1. Don’t Undress the Vegetable!
Leave the skins on your cucumber, broccoli, potato and carrots and get the benefit Mother Nature has provided — fiber, vitamins and valuable nutrients.
2. Red Light, Green Light
Think of your carbs as the stop light at the intersection.
Carbs that get the green light are the “high-fiber” fruits and vegetables, except for potatoes, bran cereals and legumes. Eat plenty of these.
Carbs that get the yellow light are carbs that are “medium/low-fiber” such as banana, tomato, squash and all cereals (except whole bran) and grains (therefore bread and pasta), potatoes, rice and pearl barley.
Carbs that get the red light and should be avoided in your daily plan are the low-fiber and simply carbs such as white flour, white sugar, juices, sweets and candy.
Don’t forget, alcohol is a simple carb and gets the red light, with the exception of red wine, which is reported, if consumed with a meal, to aid the digestion of foods. The key is consuming red wine with a meal and limiting the portion to 5-6 ounces. If consuming alcohol, always drink responsibly and with consideration for yourself and others.
3. Eat Protein with Your Carbs
Why? It slows the conversion of sugar allowing your body to use more of that sugar (carbohydrate) as fuel instead of being stored as fat.
4. Give Yourself a Hand
Of carbs that is. Use the palm of your hand as your guide when figuring your portions. Simple rule; two palms for leafy and one palm for veggies and fruits.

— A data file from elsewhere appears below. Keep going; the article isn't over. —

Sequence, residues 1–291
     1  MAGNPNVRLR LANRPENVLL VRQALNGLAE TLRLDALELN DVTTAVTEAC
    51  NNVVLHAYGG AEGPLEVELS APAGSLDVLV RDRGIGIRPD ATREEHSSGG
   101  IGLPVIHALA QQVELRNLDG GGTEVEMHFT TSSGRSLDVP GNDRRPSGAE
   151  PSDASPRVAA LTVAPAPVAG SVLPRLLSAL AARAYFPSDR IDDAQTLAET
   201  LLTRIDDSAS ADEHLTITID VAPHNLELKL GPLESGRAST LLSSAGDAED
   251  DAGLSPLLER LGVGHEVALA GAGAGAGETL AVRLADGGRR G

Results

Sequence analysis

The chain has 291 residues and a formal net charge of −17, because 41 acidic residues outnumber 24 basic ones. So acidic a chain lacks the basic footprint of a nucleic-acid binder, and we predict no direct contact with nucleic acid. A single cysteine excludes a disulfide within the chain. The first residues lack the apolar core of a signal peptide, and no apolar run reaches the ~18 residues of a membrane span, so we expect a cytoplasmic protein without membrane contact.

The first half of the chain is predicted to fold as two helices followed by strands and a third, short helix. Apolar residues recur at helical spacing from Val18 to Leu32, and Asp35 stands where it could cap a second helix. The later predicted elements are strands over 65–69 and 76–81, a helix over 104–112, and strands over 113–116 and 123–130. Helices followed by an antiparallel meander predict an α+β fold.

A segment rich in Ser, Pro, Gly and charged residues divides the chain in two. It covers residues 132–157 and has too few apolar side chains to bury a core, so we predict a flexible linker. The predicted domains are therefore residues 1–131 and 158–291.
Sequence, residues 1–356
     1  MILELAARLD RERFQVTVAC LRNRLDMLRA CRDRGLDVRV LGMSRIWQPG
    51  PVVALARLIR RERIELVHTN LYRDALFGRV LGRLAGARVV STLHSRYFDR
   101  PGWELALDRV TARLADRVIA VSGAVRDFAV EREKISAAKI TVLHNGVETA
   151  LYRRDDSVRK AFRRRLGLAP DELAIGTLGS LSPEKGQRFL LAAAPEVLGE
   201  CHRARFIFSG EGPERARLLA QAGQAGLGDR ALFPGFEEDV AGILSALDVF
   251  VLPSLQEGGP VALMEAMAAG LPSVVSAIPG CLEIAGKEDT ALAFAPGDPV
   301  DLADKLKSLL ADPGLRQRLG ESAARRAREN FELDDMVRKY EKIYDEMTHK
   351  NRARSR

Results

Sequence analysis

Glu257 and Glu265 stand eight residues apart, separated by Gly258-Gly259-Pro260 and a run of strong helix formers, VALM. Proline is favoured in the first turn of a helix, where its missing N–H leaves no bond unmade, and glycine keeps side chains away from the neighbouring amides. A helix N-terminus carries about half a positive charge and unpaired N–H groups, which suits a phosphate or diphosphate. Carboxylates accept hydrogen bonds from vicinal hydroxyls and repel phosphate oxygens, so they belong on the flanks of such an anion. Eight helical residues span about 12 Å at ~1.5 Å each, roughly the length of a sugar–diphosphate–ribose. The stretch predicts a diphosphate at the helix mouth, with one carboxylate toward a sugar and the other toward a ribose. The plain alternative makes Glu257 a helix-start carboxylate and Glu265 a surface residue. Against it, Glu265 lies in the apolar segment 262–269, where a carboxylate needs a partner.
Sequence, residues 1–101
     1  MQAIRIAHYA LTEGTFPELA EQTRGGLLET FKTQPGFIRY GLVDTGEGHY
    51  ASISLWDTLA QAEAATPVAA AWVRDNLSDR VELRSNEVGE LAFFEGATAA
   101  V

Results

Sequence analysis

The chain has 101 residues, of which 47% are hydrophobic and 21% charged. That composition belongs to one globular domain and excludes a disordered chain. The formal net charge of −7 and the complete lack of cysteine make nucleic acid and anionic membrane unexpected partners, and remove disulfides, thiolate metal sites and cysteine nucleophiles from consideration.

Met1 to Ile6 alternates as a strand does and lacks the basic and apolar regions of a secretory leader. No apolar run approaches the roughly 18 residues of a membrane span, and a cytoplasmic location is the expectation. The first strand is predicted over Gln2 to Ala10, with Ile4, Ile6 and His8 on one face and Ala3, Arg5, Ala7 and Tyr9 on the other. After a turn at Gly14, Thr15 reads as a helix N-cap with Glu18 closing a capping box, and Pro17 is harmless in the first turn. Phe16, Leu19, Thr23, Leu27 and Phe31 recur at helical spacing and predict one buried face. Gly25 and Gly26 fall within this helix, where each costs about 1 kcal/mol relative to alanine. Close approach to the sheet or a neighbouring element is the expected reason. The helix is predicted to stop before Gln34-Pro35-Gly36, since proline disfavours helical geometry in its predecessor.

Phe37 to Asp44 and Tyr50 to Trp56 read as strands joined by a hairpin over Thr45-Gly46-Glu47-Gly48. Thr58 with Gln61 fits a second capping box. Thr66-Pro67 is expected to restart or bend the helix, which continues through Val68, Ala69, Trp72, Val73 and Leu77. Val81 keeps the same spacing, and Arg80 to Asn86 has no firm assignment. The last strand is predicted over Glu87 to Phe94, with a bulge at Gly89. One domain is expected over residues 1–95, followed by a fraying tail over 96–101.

5. Be Free of Fat Free
How does it taste good when it is fat free? Because the fat has been replaced with sugar! When sugar is not used, it is converted and stored as fat, and not all fat is created equal. I say, “Eat Fat”, but choose your fat wisely. Olive oil, nuts and fats from vegetables are all excellent sources of fat. Fats such as olive oil are important for your immune system, hair, skin and joints. Research has also found that olive oil may influence body fat distribution, storing less fat around the stomach. Recent studies into the health benefits of olive oil have found that it can lower the risk of coronary heart disease by reducing blood cholesterol levels. So, don’t be afraid to add olive oil and other natural oils from vegetables and nuts to your food plan. Just remember, a little bit goes a long way.